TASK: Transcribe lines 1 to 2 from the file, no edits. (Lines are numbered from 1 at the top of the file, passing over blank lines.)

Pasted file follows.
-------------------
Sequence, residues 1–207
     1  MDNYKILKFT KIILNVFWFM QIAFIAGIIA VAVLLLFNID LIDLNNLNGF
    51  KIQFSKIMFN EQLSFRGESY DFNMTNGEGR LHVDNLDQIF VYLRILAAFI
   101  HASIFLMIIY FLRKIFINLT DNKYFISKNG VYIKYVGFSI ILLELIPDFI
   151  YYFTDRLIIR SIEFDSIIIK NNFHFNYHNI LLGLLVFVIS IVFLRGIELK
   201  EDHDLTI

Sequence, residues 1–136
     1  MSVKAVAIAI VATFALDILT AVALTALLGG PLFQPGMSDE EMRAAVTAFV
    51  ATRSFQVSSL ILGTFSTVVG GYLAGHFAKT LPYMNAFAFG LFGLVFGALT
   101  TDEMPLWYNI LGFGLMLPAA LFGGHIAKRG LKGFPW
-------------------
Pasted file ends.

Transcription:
Sequence, residues 1–207
     1  MDNYKILKFT KIILNVFWFM QIAFIAGIIA VAVLLLFNID LIDLNNLNGF